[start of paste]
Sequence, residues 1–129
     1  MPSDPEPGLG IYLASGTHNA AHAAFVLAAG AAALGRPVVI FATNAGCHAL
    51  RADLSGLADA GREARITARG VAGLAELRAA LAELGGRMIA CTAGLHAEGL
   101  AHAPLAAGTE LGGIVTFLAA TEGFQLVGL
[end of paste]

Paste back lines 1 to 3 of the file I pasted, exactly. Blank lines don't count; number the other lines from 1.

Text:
Sequence, residues 1–129
     1  MPSDPEPGLG IYLASGTHNA AHAAFVLAAG AAALGRPVVI FATNAGCHAL
    51  RADLSGLADA GREARITARG VAGLAELRAA LAELGGRMIA CTAGLHAEGL